FCD calculation was operated on a Graph-theoretical Network Analysis Toolkit (GRETNA v2.0.0) (http://www.nitrc.org/projects/gretna/) in Matlab platform based on the theory of Tomasi and Volkow (18,19). The correlation coefficient threshold (Tc) was set to 0.3, as a higher Tc can lead to a higher false positive rate and more calculation time, while a lower Tc can reduce dynamic range and lower sensitivity. The rate (r) of the correlation coefficient between a certain voxel and every other voxel over the whole brain range was calculated; these two voxels were considered to be relative if r>0.3. The threshold of the signal-to-noise ratio (SNR) was set to 0.5. The calculation results of every certain vowel made up global FCD, which means the function connection density distribution of the whole brain. According to He (20), we preferred to consider a given anatomical distance of 75 mm to be a long-range connection, which means an intra-regional effective functional connection. Then, the difference between the global FCD and long-range FCD was the value of the short-range. The long-and short-range FCD maps were normalized for the result to be in a normal distribution. Finally, the normalized FCD data were spatially smoothed with a Gaussian kernel of 6×6×6 mm3 depending on the full width at half maximum (FWHM), in order to increase the SNR and eliminate artifacts.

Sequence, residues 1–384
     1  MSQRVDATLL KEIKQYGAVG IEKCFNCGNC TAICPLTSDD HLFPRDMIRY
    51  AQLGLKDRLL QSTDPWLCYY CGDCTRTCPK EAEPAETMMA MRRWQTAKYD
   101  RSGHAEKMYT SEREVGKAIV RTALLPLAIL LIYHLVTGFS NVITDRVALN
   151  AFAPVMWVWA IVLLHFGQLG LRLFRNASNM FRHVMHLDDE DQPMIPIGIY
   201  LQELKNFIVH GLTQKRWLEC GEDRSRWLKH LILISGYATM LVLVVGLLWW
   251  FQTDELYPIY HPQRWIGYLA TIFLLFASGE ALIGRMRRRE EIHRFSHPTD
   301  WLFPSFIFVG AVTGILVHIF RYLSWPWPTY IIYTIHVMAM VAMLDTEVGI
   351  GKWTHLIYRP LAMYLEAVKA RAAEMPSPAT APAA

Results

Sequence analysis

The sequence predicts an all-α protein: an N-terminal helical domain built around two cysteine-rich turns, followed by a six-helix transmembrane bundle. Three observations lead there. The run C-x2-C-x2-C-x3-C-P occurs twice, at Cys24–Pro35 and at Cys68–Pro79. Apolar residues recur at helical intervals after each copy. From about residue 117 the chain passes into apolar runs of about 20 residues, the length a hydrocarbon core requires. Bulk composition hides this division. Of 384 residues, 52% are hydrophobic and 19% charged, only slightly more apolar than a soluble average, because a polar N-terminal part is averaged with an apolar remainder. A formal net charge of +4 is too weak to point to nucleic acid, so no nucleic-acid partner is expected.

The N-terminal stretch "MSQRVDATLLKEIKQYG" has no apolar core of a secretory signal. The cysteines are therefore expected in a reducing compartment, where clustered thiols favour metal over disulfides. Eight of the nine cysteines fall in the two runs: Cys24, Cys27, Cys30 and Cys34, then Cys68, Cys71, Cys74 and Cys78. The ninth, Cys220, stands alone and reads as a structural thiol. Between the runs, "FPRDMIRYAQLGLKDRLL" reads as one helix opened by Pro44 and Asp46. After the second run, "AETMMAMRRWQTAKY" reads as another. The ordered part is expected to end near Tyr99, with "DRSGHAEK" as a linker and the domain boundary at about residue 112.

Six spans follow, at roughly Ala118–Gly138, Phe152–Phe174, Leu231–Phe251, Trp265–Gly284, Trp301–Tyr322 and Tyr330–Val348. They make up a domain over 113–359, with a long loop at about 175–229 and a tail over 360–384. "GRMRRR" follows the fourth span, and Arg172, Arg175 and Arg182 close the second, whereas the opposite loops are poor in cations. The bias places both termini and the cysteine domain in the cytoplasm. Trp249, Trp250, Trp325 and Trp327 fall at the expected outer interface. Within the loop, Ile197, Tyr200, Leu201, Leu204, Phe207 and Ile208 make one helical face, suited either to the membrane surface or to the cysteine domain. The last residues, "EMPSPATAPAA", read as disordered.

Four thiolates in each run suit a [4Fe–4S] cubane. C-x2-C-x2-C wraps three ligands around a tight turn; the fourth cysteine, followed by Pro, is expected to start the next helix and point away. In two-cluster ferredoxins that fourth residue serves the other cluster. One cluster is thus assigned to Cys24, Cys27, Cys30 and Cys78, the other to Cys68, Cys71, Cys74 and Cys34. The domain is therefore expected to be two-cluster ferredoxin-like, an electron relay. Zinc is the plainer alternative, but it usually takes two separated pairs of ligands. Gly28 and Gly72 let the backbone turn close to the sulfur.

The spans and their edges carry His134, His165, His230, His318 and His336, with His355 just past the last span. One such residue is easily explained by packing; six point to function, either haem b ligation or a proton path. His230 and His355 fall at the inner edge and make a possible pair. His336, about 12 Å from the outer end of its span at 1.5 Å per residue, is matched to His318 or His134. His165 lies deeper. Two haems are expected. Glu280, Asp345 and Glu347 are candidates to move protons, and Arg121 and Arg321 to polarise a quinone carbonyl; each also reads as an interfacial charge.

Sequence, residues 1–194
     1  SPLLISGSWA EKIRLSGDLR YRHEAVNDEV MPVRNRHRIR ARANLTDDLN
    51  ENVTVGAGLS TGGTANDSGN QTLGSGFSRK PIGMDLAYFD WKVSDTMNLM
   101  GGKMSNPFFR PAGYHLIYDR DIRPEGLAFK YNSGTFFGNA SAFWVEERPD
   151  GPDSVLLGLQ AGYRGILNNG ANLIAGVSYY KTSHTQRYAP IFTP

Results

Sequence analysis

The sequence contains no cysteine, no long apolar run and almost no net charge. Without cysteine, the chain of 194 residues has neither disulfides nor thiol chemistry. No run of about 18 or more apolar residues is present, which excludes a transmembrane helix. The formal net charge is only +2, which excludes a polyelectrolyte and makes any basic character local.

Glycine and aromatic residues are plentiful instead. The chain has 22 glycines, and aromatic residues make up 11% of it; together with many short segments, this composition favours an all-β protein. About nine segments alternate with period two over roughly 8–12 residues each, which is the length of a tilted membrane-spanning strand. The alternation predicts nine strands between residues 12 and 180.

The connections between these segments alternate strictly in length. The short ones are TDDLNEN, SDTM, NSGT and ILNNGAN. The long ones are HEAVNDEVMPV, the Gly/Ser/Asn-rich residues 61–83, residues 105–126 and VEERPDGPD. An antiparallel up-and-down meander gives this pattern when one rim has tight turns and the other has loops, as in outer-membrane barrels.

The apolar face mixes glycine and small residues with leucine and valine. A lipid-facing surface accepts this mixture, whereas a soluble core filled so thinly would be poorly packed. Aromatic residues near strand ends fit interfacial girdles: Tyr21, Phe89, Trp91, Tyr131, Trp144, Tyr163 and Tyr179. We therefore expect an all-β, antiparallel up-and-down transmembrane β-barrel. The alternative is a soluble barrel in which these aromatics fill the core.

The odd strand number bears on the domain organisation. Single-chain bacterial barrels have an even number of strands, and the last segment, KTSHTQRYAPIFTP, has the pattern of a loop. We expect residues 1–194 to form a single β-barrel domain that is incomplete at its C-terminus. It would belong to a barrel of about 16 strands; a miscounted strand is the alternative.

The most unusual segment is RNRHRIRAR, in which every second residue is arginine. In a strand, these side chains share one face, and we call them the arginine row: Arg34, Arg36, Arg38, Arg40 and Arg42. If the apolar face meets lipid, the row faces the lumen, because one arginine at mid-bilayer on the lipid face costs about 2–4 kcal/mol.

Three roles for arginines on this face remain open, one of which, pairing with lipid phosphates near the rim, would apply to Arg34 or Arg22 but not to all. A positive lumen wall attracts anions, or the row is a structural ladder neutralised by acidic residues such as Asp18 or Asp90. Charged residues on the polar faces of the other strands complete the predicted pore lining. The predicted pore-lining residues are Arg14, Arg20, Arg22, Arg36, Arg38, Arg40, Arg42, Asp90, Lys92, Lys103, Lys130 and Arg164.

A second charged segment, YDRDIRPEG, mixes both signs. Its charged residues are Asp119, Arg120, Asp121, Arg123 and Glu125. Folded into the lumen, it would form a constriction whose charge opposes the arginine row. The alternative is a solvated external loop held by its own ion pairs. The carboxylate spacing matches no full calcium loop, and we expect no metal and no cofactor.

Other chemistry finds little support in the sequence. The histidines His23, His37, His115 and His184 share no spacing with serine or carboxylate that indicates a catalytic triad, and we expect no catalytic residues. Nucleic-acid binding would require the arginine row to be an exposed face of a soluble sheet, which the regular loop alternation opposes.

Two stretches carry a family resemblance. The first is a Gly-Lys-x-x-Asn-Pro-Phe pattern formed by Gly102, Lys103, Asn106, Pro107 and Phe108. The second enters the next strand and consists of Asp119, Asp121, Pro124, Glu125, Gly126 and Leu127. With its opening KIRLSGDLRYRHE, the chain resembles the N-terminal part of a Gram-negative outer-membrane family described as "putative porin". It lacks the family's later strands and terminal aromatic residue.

Statistical analysis for FCD